Cultural Wayfaring

“…I have often been tempted to put forth the paradox that any place is good enough to live a life in, while it is only in a few, and those highly favored, that we can pass a few hours agreeably. For, if we only stay long enough, we become at home in the neighborhood. Reminiscences spring up, like flowers, about uninteresting corners. We forget to some degree the superior loveliness of other places, and fall into a tolerant and sympathetic spirit which is its own reward and justification.”

Robert Louis Stevenson, The Pocket R.L.S. Being Favourite Passages From the Works of Stevenson, 1908

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“… you don’t ever really need a good reason to go anywhere; rather, go to a place for whatever happens when you get there.”

Rolf PottsVagabonding: An Uncommon Guide to the Art of Long-Term World Travel

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“‘My poor, dear boy!’ observed Glenalmond. ‘My poor, dear and, if you will allow me to say so, very foolish boy! You are only discovering where you are; to one of your temperament, or mine, a painful discovery. The world was not made for us; it was made for ten hundred millions of me, all different from each other and from us; there’s no royal road, we just have to sclamber and tumble.'”

Robert Louis Stevenson, The Pocket R.L.S. Being Favourite Passages From the Works of Stevenson, 1908

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“The grown-ups advised me to put away my drawings of boa constrictors, outside or inside, and apply myself instead to geography, history, arithmetic, and grammar. This is why I abandoned, at the age of six, a magnificent career as an artist. I had been discouraged by the failure of my drawing Number One and of my drawing Number Two. Grown-ups never understand anything by themselves, and it is exhausting for children to have to provide explanations over and over again.”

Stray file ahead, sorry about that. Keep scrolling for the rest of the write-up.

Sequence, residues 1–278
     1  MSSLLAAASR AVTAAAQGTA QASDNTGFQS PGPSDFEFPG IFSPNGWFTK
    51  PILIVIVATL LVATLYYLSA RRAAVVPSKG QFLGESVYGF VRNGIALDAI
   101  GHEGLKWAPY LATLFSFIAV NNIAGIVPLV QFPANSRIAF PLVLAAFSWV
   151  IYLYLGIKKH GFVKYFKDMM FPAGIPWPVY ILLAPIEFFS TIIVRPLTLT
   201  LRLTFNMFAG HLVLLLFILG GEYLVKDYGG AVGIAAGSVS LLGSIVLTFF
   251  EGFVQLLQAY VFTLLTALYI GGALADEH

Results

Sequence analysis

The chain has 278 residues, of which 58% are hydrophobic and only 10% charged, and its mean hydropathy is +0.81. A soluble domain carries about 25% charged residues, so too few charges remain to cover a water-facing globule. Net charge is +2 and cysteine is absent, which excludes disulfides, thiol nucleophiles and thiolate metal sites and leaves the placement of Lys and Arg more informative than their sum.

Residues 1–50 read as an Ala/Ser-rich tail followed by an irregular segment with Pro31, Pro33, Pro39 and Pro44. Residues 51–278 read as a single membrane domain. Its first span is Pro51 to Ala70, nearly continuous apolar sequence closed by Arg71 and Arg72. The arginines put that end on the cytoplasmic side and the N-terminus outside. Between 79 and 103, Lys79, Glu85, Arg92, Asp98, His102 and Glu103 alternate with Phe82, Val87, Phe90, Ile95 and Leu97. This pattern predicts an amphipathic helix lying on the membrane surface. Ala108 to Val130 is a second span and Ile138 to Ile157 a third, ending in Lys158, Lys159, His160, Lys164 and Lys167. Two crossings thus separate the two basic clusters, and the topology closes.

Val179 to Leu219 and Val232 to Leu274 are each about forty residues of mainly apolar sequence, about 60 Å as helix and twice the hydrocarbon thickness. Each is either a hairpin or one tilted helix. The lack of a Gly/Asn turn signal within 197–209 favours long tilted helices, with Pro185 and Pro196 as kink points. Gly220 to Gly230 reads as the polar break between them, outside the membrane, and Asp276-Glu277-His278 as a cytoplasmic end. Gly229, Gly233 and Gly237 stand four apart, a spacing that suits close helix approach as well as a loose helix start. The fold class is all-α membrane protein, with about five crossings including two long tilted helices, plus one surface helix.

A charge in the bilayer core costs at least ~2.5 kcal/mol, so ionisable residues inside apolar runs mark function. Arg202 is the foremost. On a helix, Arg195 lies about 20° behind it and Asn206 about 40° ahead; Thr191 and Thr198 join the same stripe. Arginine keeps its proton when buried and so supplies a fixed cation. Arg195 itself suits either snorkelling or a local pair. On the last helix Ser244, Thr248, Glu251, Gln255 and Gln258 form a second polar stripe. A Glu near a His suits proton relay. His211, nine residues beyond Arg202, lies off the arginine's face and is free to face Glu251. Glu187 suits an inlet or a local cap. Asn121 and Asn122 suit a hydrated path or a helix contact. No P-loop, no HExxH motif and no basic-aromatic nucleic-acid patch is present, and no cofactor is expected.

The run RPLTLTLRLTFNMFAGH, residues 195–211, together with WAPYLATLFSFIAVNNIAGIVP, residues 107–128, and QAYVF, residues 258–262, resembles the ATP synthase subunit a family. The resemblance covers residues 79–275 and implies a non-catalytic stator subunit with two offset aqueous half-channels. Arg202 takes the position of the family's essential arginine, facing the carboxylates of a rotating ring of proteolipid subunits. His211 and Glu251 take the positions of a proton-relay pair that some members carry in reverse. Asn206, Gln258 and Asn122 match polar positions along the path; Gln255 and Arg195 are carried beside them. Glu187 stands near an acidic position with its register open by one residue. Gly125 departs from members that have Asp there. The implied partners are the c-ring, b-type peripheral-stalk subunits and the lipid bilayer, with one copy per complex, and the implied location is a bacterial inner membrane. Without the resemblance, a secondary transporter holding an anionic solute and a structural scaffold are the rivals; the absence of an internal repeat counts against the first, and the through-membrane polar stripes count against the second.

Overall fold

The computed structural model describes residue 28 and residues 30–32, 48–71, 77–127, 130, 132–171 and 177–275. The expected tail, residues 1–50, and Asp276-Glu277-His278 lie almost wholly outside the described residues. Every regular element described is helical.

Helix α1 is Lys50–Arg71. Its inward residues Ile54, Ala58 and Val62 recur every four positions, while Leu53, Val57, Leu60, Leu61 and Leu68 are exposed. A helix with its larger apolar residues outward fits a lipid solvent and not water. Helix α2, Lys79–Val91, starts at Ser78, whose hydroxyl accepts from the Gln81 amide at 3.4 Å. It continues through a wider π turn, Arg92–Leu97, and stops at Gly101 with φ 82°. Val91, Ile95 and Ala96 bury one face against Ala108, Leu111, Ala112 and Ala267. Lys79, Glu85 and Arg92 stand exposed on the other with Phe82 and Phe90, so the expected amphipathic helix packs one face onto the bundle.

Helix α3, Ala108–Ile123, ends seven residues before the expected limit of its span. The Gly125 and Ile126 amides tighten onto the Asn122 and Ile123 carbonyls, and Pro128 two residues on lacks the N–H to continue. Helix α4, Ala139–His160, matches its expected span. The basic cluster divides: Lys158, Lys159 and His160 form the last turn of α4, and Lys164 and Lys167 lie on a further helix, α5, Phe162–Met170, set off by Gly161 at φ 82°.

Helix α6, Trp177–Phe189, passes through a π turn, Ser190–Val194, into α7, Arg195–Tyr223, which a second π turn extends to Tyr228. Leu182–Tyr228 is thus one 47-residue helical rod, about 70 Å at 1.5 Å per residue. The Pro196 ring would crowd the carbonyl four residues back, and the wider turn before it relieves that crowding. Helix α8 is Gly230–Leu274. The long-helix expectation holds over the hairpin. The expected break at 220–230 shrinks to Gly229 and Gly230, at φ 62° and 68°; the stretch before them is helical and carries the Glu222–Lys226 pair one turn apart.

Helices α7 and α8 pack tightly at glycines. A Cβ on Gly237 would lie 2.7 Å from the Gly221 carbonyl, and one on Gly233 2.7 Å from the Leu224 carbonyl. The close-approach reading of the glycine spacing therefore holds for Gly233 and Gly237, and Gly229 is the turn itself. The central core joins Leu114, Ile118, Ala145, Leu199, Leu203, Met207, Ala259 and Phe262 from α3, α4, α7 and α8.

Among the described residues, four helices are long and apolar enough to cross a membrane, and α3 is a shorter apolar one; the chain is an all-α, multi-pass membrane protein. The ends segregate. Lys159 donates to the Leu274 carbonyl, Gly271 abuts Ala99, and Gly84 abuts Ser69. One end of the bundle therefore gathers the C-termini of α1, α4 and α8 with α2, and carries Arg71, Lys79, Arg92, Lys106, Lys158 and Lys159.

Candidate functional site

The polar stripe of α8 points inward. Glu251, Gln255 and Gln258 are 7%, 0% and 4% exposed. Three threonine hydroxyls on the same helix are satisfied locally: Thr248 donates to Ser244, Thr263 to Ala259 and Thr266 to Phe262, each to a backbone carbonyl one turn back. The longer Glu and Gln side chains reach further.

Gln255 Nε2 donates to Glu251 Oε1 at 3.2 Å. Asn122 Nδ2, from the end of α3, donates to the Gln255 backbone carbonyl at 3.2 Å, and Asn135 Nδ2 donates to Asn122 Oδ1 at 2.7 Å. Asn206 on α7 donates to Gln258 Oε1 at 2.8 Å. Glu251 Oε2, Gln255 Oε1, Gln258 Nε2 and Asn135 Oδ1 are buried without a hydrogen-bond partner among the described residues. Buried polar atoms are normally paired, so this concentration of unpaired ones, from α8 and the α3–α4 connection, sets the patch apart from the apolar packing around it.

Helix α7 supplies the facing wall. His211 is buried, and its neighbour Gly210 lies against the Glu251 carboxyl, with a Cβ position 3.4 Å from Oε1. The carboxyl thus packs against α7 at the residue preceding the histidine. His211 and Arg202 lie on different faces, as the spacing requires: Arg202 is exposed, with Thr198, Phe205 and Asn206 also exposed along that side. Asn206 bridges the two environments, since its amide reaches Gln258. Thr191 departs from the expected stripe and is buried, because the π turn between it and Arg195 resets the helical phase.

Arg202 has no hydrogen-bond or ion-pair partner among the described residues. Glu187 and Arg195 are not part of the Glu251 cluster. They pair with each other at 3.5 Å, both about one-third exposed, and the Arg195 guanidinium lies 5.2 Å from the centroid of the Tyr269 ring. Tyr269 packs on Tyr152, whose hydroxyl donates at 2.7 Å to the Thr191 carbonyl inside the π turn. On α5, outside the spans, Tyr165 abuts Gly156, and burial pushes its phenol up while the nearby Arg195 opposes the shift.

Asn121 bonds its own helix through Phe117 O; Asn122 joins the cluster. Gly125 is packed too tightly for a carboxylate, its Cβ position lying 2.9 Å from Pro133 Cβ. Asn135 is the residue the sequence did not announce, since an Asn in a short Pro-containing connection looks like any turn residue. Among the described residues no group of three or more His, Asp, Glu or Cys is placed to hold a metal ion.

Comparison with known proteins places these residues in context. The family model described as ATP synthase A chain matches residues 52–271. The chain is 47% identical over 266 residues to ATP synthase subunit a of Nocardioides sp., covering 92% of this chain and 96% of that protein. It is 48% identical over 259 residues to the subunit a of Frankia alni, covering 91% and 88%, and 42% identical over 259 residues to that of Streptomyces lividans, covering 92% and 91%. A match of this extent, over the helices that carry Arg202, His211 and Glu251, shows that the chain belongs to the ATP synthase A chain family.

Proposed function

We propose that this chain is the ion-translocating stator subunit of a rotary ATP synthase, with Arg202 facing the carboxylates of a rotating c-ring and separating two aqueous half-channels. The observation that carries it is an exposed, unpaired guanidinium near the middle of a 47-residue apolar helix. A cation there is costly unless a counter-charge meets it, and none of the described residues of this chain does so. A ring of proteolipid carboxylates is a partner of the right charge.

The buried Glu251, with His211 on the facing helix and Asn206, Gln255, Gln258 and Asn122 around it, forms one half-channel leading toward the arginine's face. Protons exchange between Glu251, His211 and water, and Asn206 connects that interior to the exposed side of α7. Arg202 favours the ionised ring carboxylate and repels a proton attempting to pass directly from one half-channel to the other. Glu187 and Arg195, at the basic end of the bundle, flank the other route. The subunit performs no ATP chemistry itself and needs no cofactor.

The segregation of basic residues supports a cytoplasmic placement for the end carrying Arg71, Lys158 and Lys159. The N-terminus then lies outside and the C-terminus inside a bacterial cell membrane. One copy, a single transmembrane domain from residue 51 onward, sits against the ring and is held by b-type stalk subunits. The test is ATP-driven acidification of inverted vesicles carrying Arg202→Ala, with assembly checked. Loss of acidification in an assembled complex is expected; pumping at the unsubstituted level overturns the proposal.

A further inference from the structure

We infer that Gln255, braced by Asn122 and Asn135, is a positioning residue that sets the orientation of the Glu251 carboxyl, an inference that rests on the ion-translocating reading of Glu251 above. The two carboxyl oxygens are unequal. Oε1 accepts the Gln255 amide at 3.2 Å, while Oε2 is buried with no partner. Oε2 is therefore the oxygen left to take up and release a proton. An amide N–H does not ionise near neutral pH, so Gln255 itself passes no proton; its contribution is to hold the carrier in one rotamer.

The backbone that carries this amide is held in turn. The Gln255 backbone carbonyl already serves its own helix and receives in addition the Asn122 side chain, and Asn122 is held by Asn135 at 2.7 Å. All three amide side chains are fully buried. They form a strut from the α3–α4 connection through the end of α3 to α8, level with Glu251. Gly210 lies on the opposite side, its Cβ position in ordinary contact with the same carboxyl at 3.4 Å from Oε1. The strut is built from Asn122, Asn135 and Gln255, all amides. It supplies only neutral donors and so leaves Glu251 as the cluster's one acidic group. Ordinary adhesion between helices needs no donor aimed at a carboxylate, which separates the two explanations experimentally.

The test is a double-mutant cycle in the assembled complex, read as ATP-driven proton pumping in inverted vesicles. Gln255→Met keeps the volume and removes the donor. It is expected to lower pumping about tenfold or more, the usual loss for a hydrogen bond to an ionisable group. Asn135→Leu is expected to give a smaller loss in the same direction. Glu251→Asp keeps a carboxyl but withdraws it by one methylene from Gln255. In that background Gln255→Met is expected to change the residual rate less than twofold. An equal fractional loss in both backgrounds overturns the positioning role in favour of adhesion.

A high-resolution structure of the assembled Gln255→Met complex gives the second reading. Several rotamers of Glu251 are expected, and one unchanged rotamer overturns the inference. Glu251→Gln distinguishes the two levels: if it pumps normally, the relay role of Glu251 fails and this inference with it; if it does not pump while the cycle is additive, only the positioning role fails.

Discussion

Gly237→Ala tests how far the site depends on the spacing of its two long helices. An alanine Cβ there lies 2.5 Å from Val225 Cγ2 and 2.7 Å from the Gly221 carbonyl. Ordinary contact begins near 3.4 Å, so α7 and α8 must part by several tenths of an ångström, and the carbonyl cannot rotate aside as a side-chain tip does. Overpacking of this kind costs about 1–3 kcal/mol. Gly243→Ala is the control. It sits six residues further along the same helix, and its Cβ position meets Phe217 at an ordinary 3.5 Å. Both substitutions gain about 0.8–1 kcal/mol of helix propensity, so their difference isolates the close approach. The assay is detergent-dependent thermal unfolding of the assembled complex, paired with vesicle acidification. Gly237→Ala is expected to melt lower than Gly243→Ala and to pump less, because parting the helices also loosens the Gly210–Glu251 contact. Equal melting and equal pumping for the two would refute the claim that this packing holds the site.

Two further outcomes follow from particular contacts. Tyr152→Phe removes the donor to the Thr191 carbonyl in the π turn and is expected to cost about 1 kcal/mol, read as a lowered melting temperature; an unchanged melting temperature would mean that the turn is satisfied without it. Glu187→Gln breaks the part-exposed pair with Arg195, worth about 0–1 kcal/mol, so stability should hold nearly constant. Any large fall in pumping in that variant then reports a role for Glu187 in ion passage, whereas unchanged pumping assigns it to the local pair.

Antoine de Saint-Exupery, The Little Prince, 1943; translated by Richard Howard, 2000

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“But we are all travellers in what John Bunyan calls the wilderness of this world – all, too, travellers with a donkey; and the best that we find in our travels is an honest friend. He is a fortunate voyager who finds many. We travel, indeed, to find them. They are the end and the reward of life. They keep us worthy of ourselves; and when we are alone, we are only nearer to the absent.”

Robert Louis Stevenson, The Pocket R.L.S. Being Favourite Passages From the Works of Stevenson, 1908 (p. 181)

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“This was the way he had to go; he had no choice. He had never had any choice. He was only a dreamer.”

Ursula K. Le Guin, The Lathe of Heaven

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“You should never let a day go by without taking at least one note, he insisted, even if the fact noted seemed to be totally lacking in importance.”

– Michel HouellebecqThe Map and the Territory

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“I’m never sad when a friend goes far away, because whichever city or country that friend goes to, they turn the place friendly. They turn a suspicious-looking name on a map into a place where a welcome can be found. Maybe that friend will talk about you sometimes, to other friends that live around him, and then that’s almost as good as being there yourself. You’re in several places at once! In fact, my daughter, I would even go so far as to say that the farther away your friends are, and the more spread out they are, the better your chances of going safely through the world…”

– Helen Oyeyemi, Mr. Fox